In Toni Morrison's Song of Solomon, twelve-year-old Milkman Dead identifies and interprets a gendered difference: "Beauty shops always had curtains or shades up. Barbershops didn’t. The women didn’t want anybody on the street to be able to see them getting their hair done. They were ashamed." If, as Milkman thinks, such concealment reveals women's shame about their appearance, women, as the objects of male gazes, also don't want the production of their appearance to be visible. But the beauty shop with its curtains down also offers women something else: a space of their own beyond the male gaze that they will be subject to as soon as they go outside again. (Andrew Shields, #111words, 19 August)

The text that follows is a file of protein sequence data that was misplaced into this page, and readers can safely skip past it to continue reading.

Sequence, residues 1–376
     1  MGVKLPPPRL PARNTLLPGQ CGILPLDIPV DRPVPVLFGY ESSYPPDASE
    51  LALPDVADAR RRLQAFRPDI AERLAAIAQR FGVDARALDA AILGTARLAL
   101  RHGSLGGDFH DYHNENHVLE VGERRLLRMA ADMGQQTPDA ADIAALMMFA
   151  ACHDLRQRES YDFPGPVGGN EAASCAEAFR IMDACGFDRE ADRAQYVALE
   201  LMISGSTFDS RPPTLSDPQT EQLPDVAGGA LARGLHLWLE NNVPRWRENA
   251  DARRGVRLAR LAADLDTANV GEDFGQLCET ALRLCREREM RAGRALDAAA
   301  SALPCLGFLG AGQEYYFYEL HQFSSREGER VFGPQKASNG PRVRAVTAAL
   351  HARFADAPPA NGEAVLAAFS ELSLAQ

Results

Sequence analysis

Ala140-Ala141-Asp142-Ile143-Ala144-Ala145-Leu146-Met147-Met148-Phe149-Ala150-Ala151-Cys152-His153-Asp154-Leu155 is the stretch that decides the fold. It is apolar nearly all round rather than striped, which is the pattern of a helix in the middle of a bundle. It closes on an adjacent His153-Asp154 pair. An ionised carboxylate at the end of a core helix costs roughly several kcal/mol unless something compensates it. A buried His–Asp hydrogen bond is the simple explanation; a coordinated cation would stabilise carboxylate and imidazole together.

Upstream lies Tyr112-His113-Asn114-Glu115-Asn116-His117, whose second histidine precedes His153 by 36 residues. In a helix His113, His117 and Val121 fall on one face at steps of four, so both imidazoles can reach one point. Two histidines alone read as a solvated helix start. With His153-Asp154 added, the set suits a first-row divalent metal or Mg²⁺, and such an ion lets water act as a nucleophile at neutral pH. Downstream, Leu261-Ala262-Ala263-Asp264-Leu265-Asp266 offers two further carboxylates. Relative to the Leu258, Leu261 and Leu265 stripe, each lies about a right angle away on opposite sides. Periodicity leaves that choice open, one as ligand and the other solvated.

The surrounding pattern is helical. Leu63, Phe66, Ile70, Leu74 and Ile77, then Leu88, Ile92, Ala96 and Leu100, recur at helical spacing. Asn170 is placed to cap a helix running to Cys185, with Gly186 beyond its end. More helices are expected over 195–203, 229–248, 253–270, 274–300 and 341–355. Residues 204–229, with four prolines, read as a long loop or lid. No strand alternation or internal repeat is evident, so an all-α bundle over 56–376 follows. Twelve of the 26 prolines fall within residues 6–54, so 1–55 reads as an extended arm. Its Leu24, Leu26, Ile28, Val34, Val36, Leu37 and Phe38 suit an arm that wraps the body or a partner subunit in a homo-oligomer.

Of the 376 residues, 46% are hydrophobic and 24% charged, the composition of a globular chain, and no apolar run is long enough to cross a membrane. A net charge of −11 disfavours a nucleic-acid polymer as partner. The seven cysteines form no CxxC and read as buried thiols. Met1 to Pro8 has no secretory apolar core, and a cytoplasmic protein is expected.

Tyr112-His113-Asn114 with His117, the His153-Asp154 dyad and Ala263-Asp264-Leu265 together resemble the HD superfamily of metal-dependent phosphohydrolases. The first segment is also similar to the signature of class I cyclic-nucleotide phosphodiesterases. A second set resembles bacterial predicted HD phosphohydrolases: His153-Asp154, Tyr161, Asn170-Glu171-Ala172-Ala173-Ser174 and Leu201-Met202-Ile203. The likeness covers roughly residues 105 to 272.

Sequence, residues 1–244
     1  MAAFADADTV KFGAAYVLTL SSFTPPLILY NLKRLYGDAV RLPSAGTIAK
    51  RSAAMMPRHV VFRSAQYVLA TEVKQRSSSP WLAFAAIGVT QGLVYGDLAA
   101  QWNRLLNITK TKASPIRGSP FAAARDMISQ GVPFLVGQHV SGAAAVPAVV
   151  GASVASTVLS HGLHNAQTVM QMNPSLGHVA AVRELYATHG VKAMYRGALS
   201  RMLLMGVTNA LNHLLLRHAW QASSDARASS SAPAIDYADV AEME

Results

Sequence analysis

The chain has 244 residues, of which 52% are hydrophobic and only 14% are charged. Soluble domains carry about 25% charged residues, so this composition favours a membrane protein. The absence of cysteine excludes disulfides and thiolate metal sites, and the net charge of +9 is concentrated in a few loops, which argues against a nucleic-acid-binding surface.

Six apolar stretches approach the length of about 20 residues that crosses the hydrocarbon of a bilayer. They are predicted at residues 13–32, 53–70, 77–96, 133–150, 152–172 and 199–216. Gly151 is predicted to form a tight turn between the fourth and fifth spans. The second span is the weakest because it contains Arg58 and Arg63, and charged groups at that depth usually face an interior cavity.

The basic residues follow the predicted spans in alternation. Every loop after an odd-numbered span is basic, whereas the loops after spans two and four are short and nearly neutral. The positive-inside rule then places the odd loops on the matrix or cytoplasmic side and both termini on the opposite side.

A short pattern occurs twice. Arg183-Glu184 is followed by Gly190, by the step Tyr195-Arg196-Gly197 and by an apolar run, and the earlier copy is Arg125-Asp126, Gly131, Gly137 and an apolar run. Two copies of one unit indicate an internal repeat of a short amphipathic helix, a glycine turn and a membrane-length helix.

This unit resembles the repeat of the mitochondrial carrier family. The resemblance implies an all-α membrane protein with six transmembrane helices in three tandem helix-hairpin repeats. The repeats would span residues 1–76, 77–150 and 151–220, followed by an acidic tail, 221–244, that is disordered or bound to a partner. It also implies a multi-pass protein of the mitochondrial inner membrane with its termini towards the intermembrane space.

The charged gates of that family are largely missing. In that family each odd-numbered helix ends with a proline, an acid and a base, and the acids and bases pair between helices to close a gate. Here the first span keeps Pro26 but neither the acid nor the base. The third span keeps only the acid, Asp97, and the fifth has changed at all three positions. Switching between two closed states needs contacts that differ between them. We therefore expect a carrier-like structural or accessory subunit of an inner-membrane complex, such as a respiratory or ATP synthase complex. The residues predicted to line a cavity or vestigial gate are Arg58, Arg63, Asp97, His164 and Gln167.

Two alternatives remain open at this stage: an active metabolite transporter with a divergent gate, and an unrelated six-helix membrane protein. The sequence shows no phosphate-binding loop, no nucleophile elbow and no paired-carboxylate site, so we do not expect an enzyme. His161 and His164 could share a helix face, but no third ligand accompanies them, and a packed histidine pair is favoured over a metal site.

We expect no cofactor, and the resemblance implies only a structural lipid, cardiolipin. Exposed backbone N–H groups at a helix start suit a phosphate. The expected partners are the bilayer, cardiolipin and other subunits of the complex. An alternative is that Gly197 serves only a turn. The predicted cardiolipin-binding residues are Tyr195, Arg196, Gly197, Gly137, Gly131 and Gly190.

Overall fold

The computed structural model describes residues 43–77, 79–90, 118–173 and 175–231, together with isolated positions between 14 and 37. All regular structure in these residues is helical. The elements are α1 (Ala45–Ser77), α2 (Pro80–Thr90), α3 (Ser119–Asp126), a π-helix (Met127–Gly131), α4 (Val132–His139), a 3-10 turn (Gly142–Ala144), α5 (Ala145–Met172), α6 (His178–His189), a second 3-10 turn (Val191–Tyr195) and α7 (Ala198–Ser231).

Wednesday, August 19, 2020
"Beauty shops always had curtains or shades up. Barbershops didn’t": Hair and gender in Toni Morrison's "Song of Solomon"
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